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Sir Michael Berry, 2014 Recipient of the Richtmyer Memorial Lecture

Sir Michael Berry Recognized as 2014 Recipient of the Richtmyer Memorial Lecture Award

FOR IMMEDIATE RELEASE

College Park, Maryland, United States, September 30, 2013—The American Association of Physics Teachers (AAPT) announced today that Professor Sir Michael Victory Berry, has been selected to receive the 2014 Richtmyer Memorial Lecture Award. Berry is recognized with the award for outstanding contributions to physics and effectively communicating those contributions to physics educators. The award will be presented at a Ceremonial Session of the AAPT Winter Meeting in Orlando, FL.

Sir Michael Berry is a world-renowned theoretical physicist, who is famous for his discovery of geometric phase effects ("Berry's phase") in quantum mechanics. His more than 450 scientific publications cover topics ranging from glaciers, to nonlinear dynamics, to optical diffraction, quantum chaos and caustics. He is also author of Principles of Cosmology and Gravitation. With a well-deserved reputation for polished, elegant and illuminating lectures, he has brought the excitement of contemporary theoretical physics to audiences around the world.

Regarding his selection for this award Berry said, “I am delighted to receive this unexpected honor from the AAPT, and humbled to be in the company of such distinguished previous recipients.”

Berry is Melville Wills Professor of Physics (Emeritus), University of Bristol. He holds a Bachelor of Science degree in Physics from the University of Exeter and a PhD in theoretical physics from University of St Andrews. He holds ten honorary Doctorates and one honorary Professorship. His career has developed at the University of Bristol, first as a postdoctoral fellow, then Lecturer and then Reader before becoming Professor in 1979. From 2006-2012 he was Editor of the journal, Proceedings of the Royal Society.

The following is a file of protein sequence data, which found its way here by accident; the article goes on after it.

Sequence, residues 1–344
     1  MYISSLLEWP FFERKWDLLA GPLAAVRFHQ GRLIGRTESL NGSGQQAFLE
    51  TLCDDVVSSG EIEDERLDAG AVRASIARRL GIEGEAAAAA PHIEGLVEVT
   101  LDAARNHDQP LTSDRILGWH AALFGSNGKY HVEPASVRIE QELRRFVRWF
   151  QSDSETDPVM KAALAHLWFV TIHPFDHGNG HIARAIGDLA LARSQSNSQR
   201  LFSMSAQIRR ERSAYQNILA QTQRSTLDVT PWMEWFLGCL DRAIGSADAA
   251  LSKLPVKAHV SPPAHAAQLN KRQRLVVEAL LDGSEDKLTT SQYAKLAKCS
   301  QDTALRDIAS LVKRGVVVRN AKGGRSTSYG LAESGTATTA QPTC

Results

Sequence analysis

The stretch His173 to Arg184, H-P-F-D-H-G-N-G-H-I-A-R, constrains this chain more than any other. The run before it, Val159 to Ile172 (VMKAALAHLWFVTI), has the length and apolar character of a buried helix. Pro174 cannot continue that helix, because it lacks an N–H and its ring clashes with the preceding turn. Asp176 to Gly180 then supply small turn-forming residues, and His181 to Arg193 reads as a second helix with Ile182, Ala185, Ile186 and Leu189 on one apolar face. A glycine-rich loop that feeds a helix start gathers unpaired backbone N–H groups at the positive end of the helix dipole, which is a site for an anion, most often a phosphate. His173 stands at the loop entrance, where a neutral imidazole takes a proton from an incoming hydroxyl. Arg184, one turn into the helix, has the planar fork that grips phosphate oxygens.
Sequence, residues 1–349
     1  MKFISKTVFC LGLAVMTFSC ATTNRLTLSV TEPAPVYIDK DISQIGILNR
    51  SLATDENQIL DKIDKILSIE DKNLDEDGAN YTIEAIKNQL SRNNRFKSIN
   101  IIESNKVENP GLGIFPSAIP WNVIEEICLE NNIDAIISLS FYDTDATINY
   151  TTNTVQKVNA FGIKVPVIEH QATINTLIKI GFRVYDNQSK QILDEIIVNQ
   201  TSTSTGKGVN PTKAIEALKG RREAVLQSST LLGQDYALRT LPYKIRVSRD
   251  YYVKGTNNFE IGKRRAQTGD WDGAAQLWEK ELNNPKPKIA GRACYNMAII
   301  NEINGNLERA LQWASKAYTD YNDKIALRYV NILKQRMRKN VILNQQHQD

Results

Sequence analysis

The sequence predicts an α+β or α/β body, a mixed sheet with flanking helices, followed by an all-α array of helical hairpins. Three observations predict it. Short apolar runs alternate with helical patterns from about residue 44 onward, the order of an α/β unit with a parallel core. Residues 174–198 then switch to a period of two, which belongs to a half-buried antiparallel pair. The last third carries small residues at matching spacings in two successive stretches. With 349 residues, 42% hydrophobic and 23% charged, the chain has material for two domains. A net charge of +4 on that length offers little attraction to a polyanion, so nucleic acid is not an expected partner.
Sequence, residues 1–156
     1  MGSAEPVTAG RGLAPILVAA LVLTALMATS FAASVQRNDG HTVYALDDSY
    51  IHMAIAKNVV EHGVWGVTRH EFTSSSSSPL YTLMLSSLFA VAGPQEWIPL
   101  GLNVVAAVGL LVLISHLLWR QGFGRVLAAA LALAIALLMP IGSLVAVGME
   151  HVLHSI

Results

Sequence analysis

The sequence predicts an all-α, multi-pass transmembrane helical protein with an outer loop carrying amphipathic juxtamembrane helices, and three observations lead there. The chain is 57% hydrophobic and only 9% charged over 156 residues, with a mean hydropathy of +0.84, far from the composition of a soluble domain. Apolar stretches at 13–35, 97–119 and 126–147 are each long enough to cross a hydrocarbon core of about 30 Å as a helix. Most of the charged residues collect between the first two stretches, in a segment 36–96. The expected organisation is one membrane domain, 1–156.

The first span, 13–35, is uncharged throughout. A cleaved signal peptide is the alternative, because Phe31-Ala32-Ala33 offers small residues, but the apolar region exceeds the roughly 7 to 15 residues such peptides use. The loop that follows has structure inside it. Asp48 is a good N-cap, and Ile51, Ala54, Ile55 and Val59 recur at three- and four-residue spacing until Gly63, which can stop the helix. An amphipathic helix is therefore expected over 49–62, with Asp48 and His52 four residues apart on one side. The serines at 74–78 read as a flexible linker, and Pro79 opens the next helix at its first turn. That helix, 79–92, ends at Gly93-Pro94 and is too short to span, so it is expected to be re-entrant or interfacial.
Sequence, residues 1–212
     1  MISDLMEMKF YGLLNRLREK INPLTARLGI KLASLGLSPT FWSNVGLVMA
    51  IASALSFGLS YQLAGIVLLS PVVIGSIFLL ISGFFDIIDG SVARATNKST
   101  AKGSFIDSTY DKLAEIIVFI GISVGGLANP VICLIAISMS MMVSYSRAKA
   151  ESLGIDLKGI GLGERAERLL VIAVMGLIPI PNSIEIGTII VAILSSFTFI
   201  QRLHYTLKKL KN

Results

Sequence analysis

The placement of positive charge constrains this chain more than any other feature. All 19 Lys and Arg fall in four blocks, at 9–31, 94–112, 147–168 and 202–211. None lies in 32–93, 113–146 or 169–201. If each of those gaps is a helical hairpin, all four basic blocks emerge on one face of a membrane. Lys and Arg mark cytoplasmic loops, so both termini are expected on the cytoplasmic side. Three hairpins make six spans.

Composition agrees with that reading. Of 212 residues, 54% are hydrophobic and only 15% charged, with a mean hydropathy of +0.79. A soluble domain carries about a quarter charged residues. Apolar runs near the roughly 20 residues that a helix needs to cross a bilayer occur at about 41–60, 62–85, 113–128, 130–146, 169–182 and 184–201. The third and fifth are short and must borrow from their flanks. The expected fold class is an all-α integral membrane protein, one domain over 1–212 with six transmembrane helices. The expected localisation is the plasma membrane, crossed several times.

His recognition with the Maxwell Medal and Prize of the Institute of Physics in 1978 was followed by numerous other science and mathematics awards, including the ignobel prize in physics in 2000, sharing the prize with Andre Geim for their work on "The Physics of Flying Frogs."

Berry was elected to the Royal Society of London in 1982, was elected a Foreign Member of the National Academy of Sciences of the USA in 1995, and Knighted by Queen Elizabeth in 1996.

Berry specializes in semiclassical physics (asymptotic physics, quantum chaos) applied to wave phenomena in quantum mechanics and other areas such as optics. He has given many prestigious lectures and has held visiting positions in Nigeria, Italy, Germany, The Netherlands, Switzerland, France, Australia, New Zealand, the United States, Israel, Mexico, and Belgium.

About the Award
The Richtmyer Memorial Lecture Award is given in memory of Floyd K. Richtmyer, distinguished physicist, teacher, and administrator. Professor Richtmyer was one of the founders of AAPT and served as its president. As a teacher, author, research worker, and dean, he was the guide for many young physicists who became leaders of American science and has had a wide influence on the development of physics in the United States. The award has been given since 1941 to a person who has made outstanding contributions to physics and effectively communicated those contributions to physics educators.

The previous recipients of the Richtmyer Award include Brian Greene, Kathryn Moler, Vera Rubin, Alex Filippenko, Arthur H. Compton, Enrico Fermi, Philip Morrison, and Steven Chu. The complete list of winners can be found at http://www.aapt.org/Programs/awards/richtmyer.cfm.

About AAPT
AAPT is the premier international organization for physics educators, physicists, and industrial scientists—with members worldwide. Dedicated to enhancing the understanding and appreciation of physics through teaching, AAPT provides awards, publications, and programs that encourage practical application of physics principles, support continuing professional development, and reward excellence in physics education. AAPT was founded in 1930 and is headquartered in the American Center for Physics in College Park, Maryland.

For more information contact Marilyn Gardner, Director of Communications, mgardner@aapt.org, (301) 209-3306, (301) 209-0845 (Fax), www.aapt.org.